The end of @everyword TIM CARMODY · JUN 05 2014
The Guardian has an interview with Adam Parrish, creator of @everyword, an automated Twitter account that's been listing a dictionary's worth of English words in sequence since 2007. @everyword recently reached the Zs and will complete and close tomorrow, June 6.
Words aren't just things that we write and use in our speech. They are also things we think about individually. Like sex, weed, swag - when they're not in a sentence, we can also think about them individually. Everyword raises that question of thinking about a word just from that perspective, as a social object.
On the other hand, because @everyword is inside an individual person's Twitter stream, the words take on the context of whatever else is in the stream at the time. There's the possibility of weird serendipitous interactions between a word in your stream and some other tweets. The word "super" might be tweeted, and then you read a tweet about a school superintendent or Superman movie.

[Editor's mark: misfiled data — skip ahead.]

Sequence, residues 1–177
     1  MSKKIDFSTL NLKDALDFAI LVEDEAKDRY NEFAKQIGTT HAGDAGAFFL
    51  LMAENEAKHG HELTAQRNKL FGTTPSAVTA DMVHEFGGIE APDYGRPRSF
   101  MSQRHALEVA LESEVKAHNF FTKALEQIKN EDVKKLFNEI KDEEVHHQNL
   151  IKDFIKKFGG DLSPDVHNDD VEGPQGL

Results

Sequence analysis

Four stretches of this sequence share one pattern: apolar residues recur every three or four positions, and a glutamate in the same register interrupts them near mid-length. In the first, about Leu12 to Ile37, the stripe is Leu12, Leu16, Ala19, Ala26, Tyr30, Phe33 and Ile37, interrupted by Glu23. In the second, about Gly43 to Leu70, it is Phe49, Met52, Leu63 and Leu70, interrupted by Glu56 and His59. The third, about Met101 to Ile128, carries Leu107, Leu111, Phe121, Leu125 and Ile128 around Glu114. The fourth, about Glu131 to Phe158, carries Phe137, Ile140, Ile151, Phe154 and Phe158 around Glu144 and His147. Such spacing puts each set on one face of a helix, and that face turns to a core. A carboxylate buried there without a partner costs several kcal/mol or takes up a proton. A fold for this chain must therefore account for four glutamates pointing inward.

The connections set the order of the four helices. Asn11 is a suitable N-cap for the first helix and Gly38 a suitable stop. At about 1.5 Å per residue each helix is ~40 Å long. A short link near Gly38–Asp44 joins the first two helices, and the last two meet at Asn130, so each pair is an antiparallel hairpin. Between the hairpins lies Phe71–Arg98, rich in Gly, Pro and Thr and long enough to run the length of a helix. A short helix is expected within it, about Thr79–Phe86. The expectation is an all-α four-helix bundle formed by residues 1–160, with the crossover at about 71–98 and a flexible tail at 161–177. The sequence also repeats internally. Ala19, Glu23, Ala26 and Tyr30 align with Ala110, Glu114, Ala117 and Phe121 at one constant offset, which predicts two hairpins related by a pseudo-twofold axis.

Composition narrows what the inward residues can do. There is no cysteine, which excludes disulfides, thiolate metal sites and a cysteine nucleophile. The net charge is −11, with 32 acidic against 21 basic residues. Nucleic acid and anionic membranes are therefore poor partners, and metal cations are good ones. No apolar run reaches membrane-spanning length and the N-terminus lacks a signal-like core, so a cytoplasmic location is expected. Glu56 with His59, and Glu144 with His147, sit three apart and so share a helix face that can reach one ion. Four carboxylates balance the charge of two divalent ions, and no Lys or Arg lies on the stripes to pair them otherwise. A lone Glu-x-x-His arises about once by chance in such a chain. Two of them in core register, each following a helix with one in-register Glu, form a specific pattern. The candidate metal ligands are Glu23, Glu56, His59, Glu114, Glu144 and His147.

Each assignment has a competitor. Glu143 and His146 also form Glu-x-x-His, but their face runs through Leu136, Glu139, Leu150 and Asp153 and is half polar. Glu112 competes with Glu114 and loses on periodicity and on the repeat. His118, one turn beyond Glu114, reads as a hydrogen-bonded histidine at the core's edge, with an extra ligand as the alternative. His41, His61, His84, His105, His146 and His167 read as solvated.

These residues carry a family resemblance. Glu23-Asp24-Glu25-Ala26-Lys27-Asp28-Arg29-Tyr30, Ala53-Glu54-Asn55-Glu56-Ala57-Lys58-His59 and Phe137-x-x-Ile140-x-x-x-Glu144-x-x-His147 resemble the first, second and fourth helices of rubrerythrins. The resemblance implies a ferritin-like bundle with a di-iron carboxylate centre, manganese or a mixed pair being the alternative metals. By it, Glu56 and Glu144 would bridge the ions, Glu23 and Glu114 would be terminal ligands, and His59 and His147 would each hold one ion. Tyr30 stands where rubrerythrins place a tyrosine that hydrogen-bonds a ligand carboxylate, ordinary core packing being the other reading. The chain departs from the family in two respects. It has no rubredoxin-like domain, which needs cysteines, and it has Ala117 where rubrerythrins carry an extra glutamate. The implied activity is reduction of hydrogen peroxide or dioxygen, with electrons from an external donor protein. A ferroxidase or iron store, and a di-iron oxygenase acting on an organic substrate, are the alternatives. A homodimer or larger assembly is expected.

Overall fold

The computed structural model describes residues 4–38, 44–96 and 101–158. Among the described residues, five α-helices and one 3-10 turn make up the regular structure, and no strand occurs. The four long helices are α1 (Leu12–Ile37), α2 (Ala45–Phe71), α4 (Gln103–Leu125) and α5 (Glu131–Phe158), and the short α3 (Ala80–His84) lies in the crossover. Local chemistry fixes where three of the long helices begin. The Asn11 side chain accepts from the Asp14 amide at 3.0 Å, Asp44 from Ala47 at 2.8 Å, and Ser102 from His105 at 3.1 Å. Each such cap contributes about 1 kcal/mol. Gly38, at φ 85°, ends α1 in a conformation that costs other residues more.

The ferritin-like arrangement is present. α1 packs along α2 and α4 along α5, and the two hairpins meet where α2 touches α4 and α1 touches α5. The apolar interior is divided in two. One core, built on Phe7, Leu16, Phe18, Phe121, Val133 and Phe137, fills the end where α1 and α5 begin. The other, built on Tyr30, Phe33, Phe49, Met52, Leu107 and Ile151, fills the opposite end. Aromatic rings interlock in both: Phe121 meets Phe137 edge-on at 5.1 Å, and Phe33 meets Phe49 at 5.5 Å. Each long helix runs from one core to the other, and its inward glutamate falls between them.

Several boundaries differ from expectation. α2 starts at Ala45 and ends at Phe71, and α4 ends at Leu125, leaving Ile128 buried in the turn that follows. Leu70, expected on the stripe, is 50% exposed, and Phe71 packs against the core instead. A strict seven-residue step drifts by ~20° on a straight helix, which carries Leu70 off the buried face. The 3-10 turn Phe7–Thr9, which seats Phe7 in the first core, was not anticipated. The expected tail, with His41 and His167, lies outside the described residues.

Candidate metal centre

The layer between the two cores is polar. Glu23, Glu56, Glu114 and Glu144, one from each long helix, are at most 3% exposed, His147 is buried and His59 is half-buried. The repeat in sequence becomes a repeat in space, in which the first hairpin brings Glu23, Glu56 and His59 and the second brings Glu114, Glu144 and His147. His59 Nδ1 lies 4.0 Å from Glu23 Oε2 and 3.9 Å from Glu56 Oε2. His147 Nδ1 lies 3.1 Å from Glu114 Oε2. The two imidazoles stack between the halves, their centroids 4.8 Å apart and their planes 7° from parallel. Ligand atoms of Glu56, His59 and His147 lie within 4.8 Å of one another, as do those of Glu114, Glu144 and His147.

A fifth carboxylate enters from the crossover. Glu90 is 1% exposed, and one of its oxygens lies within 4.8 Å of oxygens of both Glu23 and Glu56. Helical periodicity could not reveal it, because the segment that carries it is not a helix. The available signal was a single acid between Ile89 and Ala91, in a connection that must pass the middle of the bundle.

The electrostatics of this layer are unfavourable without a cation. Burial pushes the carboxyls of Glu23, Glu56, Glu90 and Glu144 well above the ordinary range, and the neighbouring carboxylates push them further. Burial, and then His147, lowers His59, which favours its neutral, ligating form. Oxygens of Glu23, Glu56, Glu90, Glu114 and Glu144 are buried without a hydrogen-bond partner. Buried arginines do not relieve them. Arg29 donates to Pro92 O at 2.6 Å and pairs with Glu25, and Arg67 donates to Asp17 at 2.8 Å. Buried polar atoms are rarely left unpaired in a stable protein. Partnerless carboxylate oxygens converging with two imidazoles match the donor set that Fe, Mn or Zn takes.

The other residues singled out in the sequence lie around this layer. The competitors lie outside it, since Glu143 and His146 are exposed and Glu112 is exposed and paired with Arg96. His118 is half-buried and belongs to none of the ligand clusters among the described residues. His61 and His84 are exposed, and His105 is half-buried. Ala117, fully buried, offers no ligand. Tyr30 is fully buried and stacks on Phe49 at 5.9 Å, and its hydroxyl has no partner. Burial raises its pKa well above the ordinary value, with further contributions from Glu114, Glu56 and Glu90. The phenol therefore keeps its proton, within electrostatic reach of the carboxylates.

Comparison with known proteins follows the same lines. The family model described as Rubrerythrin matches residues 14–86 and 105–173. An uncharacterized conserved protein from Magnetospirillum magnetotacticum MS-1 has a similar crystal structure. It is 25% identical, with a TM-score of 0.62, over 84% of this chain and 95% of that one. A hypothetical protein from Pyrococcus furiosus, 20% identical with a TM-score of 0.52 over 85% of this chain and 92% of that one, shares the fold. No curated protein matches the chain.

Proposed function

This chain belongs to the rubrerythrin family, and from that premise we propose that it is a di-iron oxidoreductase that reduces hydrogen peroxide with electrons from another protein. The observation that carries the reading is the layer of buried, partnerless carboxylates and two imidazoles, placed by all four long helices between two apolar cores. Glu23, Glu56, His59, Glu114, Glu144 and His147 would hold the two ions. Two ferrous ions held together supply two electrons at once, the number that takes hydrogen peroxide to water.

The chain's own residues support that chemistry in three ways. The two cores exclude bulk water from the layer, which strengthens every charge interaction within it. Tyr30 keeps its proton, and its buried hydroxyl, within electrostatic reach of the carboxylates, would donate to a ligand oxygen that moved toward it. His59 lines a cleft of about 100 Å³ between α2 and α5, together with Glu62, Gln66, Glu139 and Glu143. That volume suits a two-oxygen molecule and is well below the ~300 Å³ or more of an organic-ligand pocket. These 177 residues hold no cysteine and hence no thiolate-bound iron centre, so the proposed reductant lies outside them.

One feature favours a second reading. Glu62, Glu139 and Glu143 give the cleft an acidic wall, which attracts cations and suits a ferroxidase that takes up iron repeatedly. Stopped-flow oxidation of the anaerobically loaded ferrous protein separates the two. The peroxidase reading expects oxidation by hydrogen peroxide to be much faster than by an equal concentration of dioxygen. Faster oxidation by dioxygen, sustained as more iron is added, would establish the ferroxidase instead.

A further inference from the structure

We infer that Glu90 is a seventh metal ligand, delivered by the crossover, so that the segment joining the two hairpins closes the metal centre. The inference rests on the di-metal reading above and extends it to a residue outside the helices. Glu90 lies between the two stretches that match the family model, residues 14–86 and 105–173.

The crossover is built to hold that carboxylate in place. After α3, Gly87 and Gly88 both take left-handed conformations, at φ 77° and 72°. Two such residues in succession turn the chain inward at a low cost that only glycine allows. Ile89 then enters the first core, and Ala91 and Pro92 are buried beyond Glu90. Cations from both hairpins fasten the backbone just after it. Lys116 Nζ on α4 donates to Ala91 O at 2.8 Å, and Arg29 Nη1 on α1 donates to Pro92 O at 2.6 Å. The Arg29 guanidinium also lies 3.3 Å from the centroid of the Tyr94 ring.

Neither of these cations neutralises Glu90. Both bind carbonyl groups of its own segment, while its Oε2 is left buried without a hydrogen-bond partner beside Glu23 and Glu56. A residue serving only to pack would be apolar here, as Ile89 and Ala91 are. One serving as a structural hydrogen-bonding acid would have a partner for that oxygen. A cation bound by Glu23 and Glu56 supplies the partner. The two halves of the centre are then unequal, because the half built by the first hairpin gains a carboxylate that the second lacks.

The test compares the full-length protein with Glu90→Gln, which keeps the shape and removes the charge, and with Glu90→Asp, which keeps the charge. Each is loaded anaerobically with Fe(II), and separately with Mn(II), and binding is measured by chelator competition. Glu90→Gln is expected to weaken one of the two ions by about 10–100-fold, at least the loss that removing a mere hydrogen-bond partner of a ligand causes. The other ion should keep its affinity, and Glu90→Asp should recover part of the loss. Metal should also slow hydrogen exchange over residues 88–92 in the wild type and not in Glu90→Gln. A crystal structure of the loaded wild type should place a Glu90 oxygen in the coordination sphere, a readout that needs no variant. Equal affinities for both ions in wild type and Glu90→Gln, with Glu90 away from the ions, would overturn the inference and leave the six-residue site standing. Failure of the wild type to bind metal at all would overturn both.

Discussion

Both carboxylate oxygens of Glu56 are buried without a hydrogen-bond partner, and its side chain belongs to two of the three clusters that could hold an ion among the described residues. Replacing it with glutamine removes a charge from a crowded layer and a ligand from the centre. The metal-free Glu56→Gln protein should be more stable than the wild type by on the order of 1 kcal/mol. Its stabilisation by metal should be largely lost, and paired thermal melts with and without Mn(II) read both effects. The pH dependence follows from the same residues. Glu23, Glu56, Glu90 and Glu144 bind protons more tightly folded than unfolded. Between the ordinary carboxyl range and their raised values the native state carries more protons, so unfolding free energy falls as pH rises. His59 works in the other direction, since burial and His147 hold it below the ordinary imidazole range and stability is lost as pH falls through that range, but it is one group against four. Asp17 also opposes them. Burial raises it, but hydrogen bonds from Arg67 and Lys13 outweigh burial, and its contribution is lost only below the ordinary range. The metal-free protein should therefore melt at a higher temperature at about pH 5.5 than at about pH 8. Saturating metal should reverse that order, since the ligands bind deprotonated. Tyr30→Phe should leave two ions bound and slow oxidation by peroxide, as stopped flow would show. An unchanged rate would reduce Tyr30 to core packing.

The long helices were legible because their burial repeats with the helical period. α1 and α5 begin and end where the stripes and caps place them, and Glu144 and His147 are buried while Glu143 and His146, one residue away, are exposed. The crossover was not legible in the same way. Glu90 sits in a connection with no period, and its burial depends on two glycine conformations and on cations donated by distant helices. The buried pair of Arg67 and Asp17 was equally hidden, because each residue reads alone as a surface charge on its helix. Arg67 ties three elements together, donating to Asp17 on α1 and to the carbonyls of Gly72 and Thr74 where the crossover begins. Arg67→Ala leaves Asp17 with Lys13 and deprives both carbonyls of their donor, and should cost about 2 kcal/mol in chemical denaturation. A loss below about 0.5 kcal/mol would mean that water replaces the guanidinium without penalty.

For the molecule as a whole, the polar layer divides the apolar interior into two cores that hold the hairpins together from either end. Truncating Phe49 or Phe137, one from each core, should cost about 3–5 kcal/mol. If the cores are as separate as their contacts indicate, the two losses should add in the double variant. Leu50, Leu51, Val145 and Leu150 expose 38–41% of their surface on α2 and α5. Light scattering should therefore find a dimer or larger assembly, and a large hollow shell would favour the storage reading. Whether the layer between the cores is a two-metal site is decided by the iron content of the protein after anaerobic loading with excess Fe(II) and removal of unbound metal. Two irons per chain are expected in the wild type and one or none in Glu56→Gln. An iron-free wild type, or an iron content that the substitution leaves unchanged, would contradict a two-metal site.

Any Twitter account that gets you thinking about both the Platonist and the Dadaist dimensions of language at the same time is my kind of fun. And that's a sort of fun that I associate with the Golden Age of Twitter, given its commingling of high and low, news and musings, humans and bots. That too is coming to a close:
In its early days, because of ven-cap funding, Twitter wasn't thinking about monetization. They were just really encouraging developers to work with it and do interesting things. There was no concept of ads or promoted tweets. Now things are different. They've changed the API and some of the things that were easy to do are now difficult.
The flipside is, more people use it. As an artist, it's disappointing that the medium has been converted into this very commercial, focused platform, but on the other hand I get to have a huge audience for an experimental writing project. It's a huge privilege and I definitely have Twitter to thank for that.
It's all cause for low-grade melancholy and a touch of anxiety. As Suzanne Fischer wryly tweets: "If the dictionary is finite, what else might be ending?"